Assuredly, I say to you, all sins will be forgiven the sons of men, and whatever blasphemies they may utter; but he who blasphemes against the Holy Spirit never has forgiveness, but is subject to eternal condemnation. (Mark 3:28–29)
I cannot tell you how many times in my teaching career very distraught Christians have come to me to ask about the unpardonable sin and whether they might have committed it. I suspect most believers have asked themselves whether they have done something unforgivable. It is not surprising that many people struggle with this issue because the precise nature of “the unpardonable sin” is difficult to discern and many theories about it have been set forth through church history. For instance, some people have argued that the unpardonable sin is murder and others have said that it is adultery, because they see the serious consequences that those sins wreak on the sanctity of life and the sanctity of marriage. But I can speak with full assurance that neither of those sins is unpardonable. There are two reasons for my assurance. First, Scripture shows us examples of people who committed these sins and were forgiven. Exhibit A is David, who was guilty of both adultery and murder, and yet, after his confession and repentance, he was restored fully to his state of grace. Second, and more important, when Jesus taught on the unpardonable sin, He said nothing about murder or adultery.
What, then, did Jesus say? He began in a radical way by saying, “Assuredly, I say to you.” Sometimes evangelical Christians who want to express agreement with something they have heard from a preacher or a teacher will say “Amen.” The word amen is transliterated from the Hebrew amein, which means “truth” or “it is true,” so those saying “Amen” are agreeing with what they have heard. But instead of giving His teaching and waiting for His hearers to say “Amen,” Jesus Himself said “Amen” before He gave His teaching. The word translated as “assuredly” here is the Greek equivalent of the word amein. In other words, Jesus announced that He was about to say something true. This was a way of saying, “Now hear this.” He was giving great emphasis to the teaching He was about to utter.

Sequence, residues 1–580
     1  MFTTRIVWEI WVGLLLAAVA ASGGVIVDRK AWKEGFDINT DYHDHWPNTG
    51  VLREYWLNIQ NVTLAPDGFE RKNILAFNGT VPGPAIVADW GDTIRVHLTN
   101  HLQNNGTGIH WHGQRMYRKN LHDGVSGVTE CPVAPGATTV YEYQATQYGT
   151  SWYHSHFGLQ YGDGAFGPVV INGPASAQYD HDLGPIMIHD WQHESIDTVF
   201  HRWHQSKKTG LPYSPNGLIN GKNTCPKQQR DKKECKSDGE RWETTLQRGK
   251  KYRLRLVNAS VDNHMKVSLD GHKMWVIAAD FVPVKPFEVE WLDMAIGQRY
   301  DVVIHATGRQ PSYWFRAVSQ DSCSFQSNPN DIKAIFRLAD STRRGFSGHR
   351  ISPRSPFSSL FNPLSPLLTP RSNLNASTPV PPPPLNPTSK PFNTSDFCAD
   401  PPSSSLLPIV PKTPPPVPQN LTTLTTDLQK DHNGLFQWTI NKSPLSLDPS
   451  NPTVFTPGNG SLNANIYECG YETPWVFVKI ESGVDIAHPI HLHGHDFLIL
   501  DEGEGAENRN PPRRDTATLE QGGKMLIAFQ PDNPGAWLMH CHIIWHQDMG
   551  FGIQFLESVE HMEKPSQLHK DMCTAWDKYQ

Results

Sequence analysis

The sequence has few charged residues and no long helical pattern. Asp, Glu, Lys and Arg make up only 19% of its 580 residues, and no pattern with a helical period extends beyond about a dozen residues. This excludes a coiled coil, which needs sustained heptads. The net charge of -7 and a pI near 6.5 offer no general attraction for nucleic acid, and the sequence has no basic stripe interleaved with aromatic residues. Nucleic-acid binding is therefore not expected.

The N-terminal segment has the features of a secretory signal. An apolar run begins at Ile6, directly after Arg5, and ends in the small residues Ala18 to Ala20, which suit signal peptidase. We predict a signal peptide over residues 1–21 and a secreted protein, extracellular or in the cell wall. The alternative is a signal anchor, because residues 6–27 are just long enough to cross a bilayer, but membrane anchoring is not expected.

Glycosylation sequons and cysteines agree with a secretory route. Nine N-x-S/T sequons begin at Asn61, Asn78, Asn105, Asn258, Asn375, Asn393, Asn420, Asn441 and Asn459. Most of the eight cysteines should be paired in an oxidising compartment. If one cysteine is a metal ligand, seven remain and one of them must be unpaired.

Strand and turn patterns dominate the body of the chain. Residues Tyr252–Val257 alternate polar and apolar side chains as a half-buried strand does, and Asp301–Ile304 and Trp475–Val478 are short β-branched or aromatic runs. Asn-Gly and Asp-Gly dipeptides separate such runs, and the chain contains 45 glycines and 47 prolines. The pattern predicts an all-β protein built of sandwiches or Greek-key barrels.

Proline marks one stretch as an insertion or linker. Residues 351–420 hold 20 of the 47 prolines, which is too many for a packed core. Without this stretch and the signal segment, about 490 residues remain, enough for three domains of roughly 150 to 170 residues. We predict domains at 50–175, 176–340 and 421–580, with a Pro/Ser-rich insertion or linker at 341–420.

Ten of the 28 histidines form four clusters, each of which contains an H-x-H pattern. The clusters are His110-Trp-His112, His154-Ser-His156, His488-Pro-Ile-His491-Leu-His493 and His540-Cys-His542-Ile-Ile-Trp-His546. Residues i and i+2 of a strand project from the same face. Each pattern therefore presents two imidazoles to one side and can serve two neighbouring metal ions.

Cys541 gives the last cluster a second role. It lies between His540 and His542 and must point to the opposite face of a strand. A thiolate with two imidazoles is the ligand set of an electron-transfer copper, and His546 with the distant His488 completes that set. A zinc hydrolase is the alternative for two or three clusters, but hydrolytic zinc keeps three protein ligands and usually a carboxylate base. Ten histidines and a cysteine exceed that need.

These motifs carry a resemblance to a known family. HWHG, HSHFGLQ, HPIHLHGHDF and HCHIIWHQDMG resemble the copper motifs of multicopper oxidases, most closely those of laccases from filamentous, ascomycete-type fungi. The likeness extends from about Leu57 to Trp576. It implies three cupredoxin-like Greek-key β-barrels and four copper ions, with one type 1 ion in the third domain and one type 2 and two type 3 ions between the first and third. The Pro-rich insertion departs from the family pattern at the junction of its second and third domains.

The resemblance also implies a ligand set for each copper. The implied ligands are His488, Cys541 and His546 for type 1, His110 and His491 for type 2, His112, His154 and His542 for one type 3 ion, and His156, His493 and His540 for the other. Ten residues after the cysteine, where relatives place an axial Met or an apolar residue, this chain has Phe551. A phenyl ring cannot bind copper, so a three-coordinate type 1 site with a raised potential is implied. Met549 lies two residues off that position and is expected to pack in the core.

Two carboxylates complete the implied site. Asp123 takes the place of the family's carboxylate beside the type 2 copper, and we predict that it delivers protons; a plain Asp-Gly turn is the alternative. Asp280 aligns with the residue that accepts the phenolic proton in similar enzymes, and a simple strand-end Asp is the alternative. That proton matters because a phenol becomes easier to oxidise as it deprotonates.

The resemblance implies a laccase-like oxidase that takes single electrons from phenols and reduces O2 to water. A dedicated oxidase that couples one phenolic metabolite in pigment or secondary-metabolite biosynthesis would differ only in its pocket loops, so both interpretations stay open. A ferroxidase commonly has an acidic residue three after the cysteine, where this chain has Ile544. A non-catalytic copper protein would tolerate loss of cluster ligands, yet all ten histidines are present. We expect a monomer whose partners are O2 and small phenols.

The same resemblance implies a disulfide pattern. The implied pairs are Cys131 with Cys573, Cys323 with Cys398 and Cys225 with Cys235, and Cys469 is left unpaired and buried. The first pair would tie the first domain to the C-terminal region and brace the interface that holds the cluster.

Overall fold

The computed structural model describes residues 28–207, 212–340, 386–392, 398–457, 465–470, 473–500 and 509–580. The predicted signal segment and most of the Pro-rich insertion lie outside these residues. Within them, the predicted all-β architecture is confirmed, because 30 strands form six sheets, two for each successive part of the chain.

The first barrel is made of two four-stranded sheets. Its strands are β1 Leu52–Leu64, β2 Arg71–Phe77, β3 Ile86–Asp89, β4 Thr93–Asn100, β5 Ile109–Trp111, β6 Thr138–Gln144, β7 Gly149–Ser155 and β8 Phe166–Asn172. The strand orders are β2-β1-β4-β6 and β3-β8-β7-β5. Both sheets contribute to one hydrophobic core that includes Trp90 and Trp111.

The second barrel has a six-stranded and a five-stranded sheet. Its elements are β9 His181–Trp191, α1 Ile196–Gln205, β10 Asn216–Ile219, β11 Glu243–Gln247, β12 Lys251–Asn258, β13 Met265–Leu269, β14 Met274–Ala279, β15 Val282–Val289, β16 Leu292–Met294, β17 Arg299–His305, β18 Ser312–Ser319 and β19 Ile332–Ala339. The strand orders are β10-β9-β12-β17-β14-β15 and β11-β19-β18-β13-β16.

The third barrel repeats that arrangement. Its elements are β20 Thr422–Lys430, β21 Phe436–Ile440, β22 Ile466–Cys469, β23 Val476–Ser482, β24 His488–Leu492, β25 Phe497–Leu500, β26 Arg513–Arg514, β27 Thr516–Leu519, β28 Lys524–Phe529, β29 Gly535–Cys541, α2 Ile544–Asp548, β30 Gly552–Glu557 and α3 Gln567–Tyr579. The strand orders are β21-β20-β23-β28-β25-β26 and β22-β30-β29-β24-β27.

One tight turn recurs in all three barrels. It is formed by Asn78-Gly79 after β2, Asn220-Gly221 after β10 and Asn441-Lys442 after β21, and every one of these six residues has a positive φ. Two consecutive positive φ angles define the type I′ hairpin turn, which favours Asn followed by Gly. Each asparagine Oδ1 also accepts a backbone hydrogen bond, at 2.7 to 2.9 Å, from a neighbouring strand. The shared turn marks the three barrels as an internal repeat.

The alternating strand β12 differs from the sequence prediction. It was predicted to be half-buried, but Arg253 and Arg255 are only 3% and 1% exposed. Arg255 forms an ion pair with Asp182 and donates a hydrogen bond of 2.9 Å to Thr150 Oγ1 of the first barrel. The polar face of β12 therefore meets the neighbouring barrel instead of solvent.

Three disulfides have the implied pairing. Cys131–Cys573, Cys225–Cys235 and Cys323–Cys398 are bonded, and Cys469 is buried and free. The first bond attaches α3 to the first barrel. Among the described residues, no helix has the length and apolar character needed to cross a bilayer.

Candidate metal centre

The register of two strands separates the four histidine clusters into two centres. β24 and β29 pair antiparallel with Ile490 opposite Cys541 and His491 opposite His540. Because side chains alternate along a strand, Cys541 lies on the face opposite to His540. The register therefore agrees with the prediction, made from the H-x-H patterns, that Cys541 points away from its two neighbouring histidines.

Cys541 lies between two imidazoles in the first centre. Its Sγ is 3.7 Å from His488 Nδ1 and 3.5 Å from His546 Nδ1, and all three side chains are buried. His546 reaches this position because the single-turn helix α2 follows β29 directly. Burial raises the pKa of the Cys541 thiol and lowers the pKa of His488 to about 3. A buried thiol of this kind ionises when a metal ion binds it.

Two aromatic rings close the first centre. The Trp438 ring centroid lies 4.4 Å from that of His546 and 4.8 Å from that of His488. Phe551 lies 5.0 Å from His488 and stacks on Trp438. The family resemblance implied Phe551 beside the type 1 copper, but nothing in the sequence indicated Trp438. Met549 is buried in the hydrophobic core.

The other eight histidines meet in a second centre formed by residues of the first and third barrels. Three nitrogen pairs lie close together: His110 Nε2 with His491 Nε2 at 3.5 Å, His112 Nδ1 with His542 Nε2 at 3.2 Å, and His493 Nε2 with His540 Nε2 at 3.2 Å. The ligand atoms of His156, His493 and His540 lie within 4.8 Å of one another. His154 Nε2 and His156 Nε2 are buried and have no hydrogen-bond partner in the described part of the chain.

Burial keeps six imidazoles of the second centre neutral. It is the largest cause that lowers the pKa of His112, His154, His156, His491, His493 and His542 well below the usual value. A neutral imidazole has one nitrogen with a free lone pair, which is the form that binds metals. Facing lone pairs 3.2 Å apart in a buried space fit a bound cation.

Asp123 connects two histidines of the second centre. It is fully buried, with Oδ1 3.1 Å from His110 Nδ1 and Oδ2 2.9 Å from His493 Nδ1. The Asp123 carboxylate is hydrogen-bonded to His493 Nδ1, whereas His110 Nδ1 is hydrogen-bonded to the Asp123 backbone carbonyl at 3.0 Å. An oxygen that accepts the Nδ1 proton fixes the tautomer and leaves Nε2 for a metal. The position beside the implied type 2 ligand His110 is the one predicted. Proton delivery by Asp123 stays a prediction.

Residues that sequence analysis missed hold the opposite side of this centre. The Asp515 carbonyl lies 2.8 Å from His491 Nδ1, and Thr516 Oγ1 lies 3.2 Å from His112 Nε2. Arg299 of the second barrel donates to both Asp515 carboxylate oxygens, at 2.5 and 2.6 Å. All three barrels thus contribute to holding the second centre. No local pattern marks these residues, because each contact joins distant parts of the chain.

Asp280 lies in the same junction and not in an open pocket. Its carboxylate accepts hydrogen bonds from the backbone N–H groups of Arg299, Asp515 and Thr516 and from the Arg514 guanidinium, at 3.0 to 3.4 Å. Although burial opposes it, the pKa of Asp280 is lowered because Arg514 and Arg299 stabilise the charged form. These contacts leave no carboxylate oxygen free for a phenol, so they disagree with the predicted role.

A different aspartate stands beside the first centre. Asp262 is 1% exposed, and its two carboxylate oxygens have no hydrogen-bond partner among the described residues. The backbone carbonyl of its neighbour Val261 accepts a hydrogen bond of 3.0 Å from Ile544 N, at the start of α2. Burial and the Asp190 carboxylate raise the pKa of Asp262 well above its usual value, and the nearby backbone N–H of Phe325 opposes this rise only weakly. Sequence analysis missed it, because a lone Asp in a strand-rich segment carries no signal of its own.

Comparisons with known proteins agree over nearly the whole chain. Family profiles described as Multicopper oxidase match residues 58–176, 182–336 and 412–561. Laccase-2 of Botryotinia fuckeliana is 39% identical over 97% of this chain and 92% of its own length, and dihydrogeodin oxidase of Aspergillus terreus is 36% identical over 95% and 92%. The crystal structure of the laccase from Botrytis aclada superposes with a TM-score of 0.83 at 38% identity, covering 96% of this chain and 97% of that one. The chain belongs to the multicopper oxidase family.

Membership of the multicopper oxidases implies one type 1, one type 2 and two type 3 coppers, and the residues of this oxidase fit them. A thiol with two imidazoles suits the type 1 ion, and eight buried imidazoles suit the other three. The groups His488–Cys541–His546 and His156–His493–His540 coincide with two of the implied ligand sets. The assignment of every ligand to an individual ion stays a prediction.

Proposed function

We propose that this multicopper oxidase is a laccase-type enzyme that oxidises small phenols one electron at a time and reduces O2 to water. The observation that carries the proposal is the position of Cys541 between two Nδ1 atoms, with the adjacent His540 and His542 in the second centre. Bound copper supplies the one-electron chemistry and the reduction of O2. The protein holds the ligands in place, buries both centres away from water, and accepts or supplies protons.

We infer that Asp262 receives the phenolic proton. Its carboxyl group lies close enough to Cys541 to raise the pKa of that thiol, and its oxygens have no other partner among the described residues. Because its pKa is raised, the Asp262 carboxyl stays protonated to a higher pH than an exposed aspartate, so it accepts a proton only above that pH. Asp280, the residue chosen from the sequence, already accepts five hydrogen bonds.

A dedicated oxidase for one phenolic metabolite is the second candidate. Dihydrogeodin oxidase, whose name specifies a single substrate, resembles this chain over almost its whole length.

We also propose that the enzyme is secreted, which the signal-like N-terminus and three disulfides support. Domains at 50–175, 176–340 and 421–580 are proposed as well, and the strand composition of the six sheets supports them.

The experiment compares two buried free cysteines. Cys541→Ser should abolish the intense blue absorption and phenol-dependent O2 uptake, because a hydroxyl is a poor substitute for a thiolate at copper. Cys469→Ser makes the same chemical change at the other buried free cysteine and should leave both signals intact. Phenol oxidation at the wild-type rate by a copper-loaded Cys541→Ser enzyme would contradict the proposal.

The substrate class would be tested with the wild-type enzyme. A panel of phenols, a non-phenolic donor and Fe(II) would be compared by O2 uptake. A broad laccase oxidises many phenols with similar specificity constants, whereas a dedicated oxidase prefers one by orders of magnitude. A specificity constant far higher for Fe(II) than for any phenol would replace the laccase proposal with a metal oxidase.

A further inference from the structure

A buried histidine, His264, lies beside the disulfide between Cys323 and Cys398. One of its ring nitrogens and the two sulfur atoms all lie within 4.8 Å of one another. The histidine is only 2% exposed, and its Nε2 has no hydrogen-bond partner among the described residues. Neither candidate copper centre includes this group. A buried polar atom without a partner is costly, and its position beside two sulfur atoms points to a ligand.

What is Blasphemy?
Jesus then stated that “all sins” can be forgiven, including “whatever blasphemies”—except for the specific blasphemy of the Spirit. Luke’s account of this teaching is even more specific: “Anyone who speaks a word against the Son of Man, it will be forgiven him; but to him who blasphemes against the Holy Spirit, it will not be forgiven” (Luke 12:10).
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Source: Church Leaders, R.C. Sproul